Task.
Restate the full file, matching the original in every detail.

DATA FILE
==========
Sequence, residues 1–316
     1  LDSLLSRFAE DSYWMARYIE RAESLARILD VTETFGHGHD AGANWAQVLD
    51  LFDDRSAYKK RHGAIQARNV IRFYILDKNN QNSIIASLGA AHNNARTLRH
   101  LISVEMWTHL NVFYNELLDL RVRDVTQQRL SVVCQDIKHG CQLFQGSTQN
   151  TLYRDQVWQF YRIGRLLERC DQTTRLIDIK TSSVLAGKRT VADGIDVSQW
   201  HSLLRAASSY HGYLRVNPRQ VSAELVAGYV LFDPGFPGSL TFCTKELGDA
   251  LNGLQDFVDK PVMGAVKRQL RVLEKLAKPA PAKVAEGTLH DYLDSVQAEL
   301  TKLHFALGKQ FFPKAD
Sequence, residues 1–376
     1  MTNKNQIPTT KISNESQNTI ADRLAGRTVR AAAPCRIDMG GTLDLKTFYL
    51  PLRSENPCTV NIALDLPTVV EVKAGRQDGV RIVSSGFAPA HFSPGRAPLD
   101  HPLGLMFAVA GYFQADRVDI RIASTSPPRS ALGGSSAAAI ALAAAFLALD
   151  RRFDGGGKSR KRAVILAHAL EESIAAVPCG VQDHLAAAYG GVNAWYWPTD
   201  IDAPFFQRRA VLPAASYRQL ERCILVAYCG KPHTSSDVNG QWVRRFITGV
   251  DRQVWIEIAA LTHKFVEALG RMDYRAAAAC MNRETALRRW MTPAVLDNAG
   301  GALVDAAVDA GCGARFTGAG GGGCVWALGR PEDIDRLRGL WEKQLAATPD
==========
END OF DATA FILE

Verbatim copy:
Sequence, residues 1–316
     1  LDSLLSRFAE DSYWMARYIE RAESLARILD VTETFGHGHD AGANWAQVLD
    51  LFDDRSAYKK RHGAIQARNV IRFYILDKNN QNSIIASLGA AHNNARTLRH
   101  LISVEMWTHL NVFYNELLDL RVRDVTQQRL SVVCQDIKHG CQLFQGSTQN
   151  TLYRDQVWQF YRIGRLLERC DQTTRLIDIK TSSVLAGKRT VADGIDVSQW
   201  HSLLRAASSY HGYLRVNPRQ VSAELVAGYV LFDPGFPGSL TFCTKELGDA
   251  LNGLQDFVDK PVMGAVKRQL RVLEKLAKPA PAKVAEGTLH DYLDSVQAEL
   301  TKLHFALGKQ FFPKAD
Sequence, residues 1–376
     1  MTNKNQIPTT KISNESQNTI ADRLAGRTVR AAAPCRIDMG GTLDLKTFYL
    51  PLRSENPCTV NIALDLPTVV EVKAGRQDGV RIVSSGFAPA HFSPGRAPLD
   101  HPLGLMFAVA GYFQADRVDI RIASTSPPRS ALGGSSAAAI ALAAAFLALD
   151  RRFDGGGKSR KRAVILAHAL EESIAAVPCG VQDHLAAAYG GVNAWYWPTD
   201  IDAPFFQRRA VLPAASYRQL ERCILVAYCG KPHTSSDVNG QWVRRFITGV
   251  DRQVWIEIAA LTHKFVEALG RMDYRAAAAC MNRETALRRW MTPAVLDNAG
   301  GALVDAAVDA GCGARFTGAG GGGCVWALGR PEDIDRLRGL WEKQLAATPD